The image of Obama and Netanyahu, the two leaders of the Jews, meeting in the White House this week, had me thinking.
Oh, let me explain.
Obama, supported by at least 80% of American Jewry in the 2008 election and likely more than that now with his steadily high approval ratings, is arguably the most well-known and well regarded and broadly supported leader of American Jewry as a civic component of American democracy. By comparison, Bibi Netanyahu, as the leader of the coalition government in Israel--who actually polled second to Tzipi Livni in the recent elections in Israel (who, by the way, now finds herself in the minority after failing to form a government)--polls less well than Obama among American Jews.
It leads one to all sorts of interesting conclusions, not all of which can be addressed her but one: when working with kids on their bar/bat mitzvah portions, I find it interesting to engage them as American citizens with regard to the Torah texts in front of them.
Today I had two seventh graders who were particularly engaged with their own notions of American universalism and attempting to understand their American identities in the context of their own Jewish particularism. In other words, I think one can generalize that with most kids who come through my office to talk about their Torah portions, they are more focused on their secular identities and their secular educational goals than they are on the abiding Jewish particularities of their evolving identities. The trick, educationally speaking, is in finding ways to make these systems relate to one another. And to the point of Jewish leadership, I began testing kids by showing them pictures of Obama and Netanyahu talking to each other in the White House. This prompted the interesting responses, notably that Obama was more recognized than Bibi. Maybe not a surprise but still, nonetheless, telling.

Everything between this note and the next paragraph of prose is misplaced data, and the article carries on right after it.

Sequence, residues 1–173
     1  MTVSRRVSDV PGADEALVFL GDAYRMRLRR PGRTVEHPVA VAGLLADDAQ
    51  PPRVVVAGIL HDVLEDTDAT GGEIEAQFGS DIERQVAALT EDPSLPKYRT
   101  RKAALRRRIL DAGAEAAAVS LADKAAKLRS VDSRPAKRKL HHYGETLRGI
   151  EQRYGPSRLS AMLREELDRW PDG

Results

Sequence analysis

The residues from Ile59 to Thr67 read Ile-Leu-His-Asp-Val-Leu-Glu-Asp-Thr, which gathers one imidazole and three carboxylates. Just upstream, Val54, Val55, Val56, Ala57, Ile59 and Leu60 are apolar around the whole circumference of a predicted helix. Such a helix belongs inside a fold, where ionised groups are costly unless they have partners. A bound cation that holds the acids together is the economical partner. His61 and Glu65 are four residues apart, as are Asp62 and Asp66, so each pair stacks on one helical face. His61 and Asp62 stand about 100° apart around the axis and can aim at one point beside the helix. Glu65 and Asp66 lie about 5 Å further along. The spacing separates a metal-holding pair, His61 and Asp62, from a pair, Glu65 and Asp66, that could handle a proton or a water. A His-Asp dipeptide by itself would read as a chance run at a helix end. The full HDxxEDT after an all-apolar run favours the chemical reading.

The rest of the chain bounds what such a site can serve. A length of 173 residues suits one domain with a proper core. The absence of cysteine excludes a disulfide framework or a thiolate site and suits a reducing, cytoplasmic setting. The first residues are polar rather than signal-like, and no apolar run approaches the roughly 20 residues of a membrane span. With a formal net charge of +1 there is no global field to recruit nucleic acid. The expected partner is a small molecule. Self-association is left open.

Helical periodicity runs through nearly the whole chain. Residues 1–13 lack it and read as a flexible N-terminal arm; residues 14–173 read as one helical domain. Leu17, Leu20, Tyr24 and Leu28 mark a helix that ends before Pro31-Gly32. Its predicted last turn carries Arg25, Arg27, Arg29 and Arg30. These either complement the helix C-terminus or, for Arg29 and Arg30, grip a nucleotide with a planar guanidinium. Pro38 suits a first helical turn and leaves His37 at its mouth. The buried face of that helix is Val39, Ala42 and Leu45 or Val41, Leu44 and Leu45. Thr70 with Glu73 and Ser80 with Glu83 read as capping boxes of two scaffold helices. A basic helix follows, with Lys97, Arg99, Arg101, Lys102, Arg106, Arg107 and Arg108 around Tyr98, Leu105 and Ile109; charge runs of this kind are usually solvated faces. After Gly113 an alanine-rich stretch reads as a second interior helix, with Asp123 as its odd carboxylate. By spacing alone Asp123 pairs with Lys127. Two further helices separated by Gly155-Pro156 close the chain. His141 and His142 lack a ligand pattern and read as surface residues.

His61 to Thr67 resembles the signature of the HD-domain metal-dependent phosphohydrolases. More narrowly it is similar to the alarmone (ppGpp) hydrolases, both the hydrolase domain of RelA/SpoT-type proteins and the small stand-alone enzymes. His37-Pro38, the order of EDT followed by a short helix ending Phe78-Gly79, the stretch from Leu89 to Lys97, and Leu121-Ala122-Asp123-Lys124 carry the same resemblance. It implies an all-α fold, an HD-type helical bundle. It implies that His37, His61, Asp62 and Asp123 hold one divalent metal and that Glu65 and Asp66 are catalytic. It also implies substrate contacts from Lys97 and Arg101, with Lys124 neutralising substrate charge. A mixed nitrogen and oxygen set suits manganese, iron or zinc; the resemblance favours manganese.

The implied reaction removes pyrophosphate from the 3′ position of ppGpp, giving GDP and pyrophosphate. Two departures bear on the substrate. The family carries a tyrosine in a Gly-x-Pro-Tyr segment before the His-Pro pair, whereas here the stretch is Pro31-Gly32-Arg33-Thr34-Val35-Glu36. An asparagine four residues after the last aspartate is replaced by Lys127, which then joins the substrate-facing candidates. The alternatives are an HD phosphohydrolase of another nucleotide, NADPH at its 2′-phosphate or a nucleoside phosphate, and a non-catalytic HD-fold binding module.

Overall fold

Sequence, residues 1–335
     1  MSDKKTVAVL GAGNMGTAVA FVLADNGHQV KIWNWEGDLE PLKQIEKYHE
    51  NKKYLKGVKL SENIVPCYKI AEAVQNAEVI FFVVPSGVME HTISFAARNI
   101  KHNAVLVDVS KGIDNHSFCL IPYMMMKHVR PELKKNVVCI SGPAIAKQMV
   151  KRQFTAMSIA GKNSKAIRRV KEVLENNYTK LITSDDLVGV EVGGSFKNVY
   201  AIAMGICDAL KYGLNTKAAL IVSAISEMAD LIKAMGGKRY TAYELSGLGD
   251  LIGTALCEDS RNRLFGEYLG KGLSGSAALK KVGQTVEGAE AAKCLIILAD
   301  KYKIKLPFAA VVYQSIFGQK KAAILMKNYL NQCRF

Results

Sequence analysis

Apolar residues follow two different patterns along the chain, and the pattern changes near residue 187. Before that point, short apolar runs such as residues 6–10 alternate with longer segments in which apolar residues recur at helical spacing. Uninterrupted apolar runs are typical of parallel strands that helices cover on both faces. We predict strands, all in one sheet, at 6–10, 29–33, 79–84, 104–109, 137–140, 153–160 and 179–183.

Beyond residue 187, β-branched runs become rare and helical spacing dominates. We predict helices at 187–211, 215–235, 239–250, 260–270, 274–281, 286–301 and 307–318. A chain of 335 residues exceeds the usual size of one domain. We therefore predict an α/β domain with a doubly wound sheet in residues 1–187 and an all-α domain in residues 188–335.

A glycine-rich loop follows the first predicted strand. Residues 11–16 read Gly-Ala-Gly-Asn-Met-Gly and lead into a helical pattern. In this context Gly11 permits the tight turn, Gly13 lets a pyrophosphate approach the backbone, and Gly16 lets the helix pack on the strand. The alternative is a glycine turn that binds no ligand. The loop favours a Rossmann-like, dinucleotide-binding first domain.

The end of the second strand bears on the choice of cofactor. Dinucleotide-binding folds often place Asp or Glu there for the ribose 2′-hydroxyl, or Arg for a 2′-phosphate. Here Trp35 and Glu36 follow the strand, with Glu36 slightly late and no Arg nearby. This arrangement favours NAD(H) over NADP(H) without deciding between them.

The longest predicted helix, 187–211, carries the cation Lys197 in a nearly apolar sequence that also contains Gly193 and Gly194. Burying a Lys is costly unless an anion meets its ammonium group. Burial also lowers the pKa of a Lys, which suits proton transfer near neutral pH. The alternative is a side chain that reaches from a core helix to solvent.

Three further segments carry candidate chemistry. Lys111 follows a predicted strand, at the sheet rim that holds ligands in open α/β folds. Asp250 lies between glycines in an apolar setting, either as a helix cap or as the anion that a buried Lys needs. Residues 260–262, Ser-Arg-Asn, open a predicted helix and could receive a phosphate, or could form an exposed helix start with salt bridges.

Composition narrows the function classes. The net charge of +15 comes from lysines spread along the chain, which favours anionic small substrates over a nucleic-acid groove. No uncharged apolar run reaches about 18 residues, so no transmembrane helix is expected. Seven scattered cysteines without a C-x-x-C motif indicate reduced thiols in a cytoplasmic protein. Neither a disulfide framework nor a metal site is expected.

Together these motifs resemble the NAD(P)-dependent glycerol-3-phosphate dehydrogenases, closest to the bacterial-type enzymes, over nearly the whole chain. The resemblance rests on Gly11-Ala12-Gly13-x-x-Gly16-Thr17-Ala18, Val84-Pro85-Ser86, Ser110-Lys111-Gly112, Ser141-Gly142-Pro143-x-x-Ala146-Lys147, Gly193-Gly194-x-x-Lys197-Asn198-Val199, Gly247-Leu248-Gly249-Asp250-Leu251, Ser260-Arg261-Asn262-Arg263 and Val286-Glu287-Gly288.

And so it leaves me asking myself which questions organize the identity formation of these young kids? And how does Torah speak to their own particular identity? To their collective identity? And to what degree are families framing these questions as well? And finally, what does it all say about the tension between the individual and the collective, the self and the community, the American and the Jew?
I wonder, always, am I raising a generation of American Jews or Jewish Americans? Which comes first for us? For you?